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  • 08.13.12

    AMIC Commends Efforts to Improve Access to Lung Cancer Screening for High-Risk Veterans

    Washington, D.C. – The Access to Medical Imaging Coalition (AMIC) today applauded the Lung Cancer Alliance’s (LCA) successful efforts urging the Department of Veteran Affairs (VA) to encourage computed tomography (CT) screening for veterans at high risk for lung cancer.

    “Early detection of lung cancer has proven time and time again to save lives, and low-dose CT is an effective screening tool shown to significantly reduce mortality due to lung cancer,” said Tim Trysla, executive director of AMIC. “Access to screening and diagnostic tools like low-dose CT is critical for patients at high risk for a disease where early diagnosis is essential to treatment and survival. AMIC applauds the VA’s efforts to screen at-risk individuals and encourages more policymakers and healthcare providers to follow suit so that all patients have timely access to life-saving diagnosis and treatment.”

    Lung cancer is the leading cause of cancer-related death in the United States, and because symptoms often do not appear until the disease has advanced, many patients do not receive a diagnosis until it is too late for effective treatment. Moreover, veterans are at an increased risk for lung cancer due to higher rates of smoking in the armed forces and frequent exposure to cancer-causing chemicals used in warfare.

    A recent Journal of the American Medical Association (JAMA) study published in May 2012 indicated that low-dose CT screening of individuals at an increased risk for lung cancer results in significantly fewer lung cancer-related deaths.  The study’s findings further support results of the National Lung Screening Trial which proved that low-dose CT screening could reduce lung cancer deaths by at least 20 percent in a high-risk population of current and former smokers ages 55 to 74.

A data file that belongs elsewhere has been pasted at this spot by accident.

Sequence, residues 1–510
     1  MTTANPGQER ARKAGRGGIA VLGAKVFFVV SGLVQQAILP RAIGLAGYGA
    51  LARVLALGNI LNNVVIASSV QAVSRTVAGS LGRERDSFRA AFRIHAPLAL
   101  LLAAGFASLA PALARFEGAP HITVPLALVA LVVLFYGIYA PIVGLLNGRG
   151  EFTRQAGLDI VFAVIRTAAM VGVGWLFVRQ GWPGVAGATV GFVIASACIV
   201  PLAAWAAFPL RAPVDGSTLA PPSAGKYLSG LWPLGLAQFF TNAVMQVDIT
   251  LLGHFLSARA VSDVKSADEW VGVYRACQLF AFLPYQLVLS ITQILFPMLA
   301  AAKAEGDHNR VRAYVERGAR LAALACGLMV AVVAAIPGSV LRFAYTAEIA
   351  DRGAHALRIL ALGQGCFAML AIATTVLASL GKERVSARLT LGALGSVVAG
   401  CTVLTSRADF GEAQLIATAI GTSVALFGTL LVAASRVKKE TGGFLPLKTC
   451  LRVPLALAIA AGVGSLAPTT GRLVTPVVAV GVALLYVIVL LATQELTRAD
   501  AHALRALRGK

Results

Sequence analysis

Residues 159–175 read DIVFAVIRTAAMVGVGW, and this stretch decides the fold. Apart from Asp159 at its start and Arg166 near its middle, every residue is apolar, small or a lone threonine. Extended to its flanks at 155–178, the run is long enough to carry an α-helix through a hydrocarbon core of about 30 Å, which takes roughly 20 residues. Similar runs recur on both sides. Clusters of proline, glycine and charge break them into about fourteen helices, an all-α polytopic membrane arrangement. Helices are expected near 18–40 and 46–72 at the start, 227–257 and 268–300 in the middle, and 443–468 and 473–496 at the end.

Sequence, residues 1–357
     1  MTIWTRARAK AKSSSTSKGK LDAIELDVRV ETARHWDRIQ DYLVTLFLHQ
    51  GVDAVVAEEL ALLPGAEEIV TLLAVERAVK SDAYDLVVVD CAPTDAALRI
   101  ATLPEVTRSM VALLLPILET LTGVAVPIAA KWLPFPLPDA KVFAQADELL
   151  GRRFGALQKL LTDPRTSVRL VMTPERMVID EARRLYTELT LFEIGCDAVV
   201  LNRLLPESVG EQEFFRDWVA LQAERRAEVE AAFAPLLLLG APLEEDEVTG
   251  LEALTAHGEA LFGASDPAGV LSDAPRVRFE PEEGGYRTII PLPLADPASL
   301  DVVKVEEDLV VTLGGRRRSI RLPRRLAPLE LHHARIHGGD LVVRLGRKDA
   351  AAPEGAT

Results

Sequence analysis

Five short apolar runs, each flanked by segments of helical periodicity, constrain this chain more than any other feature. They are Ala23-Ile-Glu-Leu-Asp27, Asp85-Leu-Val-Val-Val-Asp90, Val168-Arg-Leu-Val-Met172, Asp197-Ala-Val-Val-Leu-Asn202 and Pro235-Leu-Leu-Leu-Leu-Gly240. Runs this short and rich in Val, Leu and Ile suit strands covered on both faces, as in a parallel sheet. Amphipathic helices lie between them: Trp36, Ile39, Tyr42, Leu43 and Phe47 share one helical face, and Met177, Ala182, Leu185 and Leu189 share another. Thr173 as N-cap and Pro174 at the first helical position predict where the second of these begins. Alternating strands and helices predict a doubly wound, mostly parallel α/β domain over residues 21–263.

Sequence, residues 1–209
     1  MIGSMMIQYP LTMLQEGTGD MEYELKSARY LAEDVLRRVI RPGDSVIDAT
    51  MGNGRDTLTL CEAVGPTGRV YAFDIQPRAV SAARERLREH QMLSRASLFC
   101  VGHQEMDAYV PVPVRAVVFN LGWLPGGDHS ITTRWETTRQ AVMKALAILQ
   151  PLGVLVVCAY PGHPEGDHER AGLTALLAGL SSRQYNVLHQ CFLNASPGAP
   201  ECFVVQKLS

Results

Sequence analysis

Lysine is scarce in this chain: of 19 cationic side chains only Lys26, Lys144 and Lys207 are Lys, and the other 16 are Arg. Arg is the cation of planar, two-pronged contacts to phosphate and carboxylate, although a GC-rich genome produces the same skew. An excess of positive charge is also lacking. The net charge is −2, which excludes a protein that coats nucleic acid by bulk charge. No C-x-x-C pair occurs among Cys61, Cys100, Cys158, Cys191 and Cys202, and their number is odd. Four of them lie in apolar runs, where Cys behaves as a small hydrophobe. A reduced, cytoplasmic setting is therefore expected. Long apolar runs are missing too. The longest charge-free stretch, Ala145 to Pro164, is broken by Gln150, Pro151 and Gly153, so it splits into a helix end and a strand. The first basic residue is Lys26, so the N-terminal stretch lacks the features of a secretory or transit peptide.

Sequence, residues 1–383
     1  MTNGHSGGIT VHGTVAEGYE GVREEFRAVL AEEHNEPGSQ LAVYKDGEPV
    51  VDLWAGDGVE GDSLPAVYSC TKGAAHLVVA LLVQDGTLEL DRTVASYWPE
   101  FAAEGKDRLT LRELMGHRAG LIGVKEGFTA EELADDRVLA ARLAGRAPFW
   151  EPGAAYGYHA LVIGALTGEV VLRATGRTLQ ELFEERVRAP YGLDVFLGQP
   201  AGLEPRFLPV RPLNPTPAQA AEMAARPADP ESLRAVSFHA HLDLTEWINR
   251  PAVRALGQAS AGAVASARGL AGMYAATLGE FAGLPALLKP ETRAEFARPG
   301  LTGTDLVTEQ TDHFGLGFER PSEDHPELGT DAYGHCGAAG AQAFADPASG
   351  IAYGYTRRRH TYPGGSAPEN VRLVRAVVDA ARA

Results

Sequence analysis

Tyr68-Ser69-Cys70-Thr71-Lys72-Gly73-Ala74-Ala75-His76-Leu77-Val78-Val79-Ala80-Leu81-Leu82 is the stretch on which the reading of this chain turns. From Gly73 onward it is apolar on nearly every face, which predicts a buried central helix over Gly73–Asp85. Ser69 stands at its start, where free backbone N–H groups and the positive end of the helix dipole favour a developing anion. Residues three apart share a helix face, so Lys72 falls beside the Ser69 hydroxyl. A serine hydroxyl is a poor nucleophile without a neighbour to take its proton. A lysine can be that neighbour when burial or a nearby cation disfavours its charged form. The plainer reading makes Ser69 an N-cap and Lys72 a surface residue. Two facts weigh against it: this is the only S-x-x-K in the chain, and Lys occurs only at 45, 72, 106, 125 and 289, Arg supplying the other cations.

LCA, a member organization of AMIC, is a champion of lung cancer patients in the United States. The group’s efforts to increase access to CT screening for high-risk veterans comes on the heels of its recent, powerful awareness campaign, “No One Deserves to Die,” which aims to debunk the stigma and misperceptions associated with lung cancer patients.


    The Access to Medical Imaging Coalition represents physicians, medical providers, and patient organizations throughout the U.S. It also includes health technology firms that manufacture imaging equipment and supplies and that employ tens of thousands of workers. Thus, AMIC represents those who develop medical imaging technologies, those who apply it, and those who benefit from it.

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